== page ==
Sorenstam savors Mizuno title; Choi cinches winSwedish golfer Annika Sorenstam, 34, again rewrote the history of the Ladies’ Professional Golf Association.
Sorenstam won the Mizuno Classic, which ended yesterday at the Seta Golf Club in Otsu, Shiga prefecture in Japan, posting a 22-under-par in three rounds. She thereby added one more victory to her record book, making it her 55th title win.
This is also her fourth consecutive Mizuno Classic title and the second quadruple streak in LPGA history after Laura Davis brought home four straight wins in the Standard Register Open from 1994 to 1997.
Sorenstam’s top-notch performance this year resulted in her winning seven out of 17 titles. She was also a runner-up four times and was included in the top-10 player list 15 times, making her a bright prospect for taking first place in the earnings category, as well as being named Player of the Year.
Grace Park, who was eyeing her second title win within two weeks following the CJ Nine Bridge Classic, finished in the No. 2 spot, along with Michie Ohba and Ai Miyazato, all of whom posted a 13-under-par. It was Park’s seventh runner-up performance this season.
In her four most recent tournaments, Park, 25, captured one title and was the runner-up in the other three, standing firmly in the runner-up spot on the money list.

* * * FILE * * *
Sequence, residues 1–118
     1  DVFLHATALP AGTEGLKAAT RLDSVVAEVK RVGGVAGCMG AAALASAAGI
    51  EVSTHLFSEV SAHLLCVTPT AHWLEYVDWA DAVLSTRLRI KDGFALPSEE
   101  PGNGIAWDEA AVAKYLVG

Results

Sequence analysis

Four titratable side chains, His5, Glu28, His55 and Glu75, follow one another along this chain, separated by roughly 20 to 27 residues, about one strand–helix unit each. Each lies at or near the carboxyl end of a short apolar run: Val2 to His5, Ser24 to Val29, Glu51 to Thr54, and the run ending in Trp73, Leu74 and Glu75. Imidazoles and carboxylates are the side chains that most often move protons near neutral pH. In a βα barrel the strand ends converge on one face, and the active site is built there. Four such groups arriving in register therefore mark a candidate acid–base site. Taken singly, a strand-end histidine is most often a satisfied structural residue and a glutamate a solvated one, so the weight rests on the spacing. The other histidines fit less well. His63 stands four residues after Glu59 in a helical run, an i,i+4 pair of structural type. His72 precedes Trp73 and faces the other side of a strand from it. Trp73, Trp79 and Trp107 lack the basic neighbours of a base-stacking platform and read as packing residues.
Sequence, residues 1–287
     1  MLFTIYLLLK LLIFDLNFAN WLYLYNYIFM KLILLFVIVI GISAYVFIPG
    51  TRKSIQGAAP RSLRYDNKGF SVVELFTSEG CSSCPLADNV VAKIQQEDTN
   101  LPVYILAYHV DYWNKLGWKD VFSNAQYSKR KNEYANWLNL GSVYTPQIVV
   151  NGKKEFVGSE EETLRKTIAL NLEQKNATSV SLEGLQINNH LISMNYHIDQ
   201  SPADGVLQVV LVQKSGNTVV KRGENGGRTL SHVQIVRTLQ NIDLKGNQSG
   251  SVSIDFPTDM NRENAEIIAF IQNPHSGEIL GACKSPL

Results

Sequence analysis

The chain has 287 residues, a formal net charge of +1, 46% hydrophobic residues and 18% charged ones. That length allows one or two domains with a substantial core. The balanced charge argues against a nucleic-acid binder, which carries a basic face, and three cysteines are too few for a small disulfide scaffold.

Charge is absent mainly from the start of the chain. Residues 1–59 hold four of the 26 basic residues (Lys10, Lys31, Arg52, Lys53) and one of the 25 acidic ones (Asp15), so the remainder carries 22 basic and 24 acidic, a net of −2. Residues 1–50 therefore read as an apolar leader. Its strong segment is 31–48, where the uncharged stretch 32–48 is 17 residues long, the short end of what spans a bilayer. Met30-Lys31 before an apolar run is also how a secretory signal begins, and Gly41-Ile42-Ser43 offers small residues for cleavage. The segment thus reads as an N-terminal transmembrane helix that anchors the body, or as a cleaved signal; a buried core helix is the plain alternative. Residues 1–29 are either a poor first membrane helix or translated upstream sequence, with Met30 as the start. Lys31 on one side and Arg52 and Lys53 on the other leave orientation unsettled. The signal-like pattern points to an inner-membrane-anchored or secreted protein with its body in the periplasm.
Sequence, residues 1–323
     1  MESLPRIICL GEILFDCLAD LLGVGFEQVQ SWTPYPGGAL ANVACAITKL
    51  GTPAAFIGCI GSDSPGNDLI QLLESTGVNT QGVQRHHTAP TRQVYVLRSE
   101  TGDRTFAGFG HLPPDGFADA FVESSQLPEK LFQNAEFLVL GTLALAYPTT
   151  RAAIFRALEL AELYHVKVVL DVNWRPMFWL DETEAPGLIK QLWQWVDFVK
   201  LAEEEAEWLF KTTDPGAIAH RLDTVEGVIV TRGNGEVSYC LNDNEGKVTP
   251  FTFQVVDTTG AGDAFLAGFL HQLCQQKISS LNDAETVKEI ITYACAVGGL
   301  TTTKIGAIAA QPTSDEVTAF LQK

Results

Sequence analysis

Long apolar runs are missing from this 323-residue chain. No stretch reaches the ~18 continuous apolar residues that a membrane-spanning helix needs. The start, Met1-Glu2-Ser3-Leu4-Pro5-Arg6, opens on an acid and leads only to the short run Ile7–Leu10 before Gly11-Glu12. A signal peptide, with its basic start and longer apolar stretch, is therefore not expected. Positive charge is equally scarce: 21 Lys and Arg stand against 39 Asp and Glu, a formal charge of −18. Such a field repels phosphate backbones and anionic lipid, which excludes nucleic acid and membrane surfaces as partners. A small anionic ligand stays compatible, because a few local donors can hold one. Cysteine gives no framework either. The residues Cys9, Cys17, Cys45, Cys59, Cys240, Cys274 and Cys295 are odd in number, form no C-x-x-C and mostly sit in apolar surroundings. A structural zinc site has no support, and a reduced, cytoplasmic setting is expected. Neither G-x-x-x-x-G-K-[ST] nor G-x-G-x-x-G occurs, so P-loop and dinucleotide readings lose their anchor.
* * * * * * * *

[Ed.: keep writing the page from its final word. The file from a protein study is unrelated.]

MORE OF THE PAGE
Other Korean women golfers performed well in the Mizuno Classic, with Aree Song, 18, taking fifth place with a 12-under-par, followed by Young Kim, 24, and Han Hee-won, 26, who both finished seventh with an 11-under-par.
Here at home, Korean women’s golf last week saw another Cinderella in the making named Choi Na-yeon. A 17-year-old amateur golfer and student at Daewon Foreign Language High School, Choi won the ADT, CAPS Invitational Golf Tournament on Saturday at the Lake Side Country Club in Yongin, Gyeonggi province, which is the final event of the season for the KLPGA.
Posting a 14-under-par, Choi defeated Pak Se-ri, 27, Han Ji-yeon, 30, and Kim So-hee, 22, by four strokes.
Choi, incidentally, made her first putt at the age of 10 alongside her father. After that, it took only 10 months for her to win her first title, followed by sweeping victories at junior tournaments all across the country.
Choi is 167 centimeters (5 feet, 5 inches) tall and weighs 58 kilograms (128 pounds), with a drive shot easily reaching 250 yards.
After winning the tournament, Choi announced that she will turn pro. Regarding her image, Choi said, “I hate it the most when I’m called ‘The Second Pak Se-ri.’ I want to be remembered as ‘Choi Na-yeon.’
“I’m targeting the rookie award next year [in the pro league], and I’d like to make a debut on the U.S. golf scene,” Choi said in discussing her future.
by Chung Jeh-won, Chun Su-jin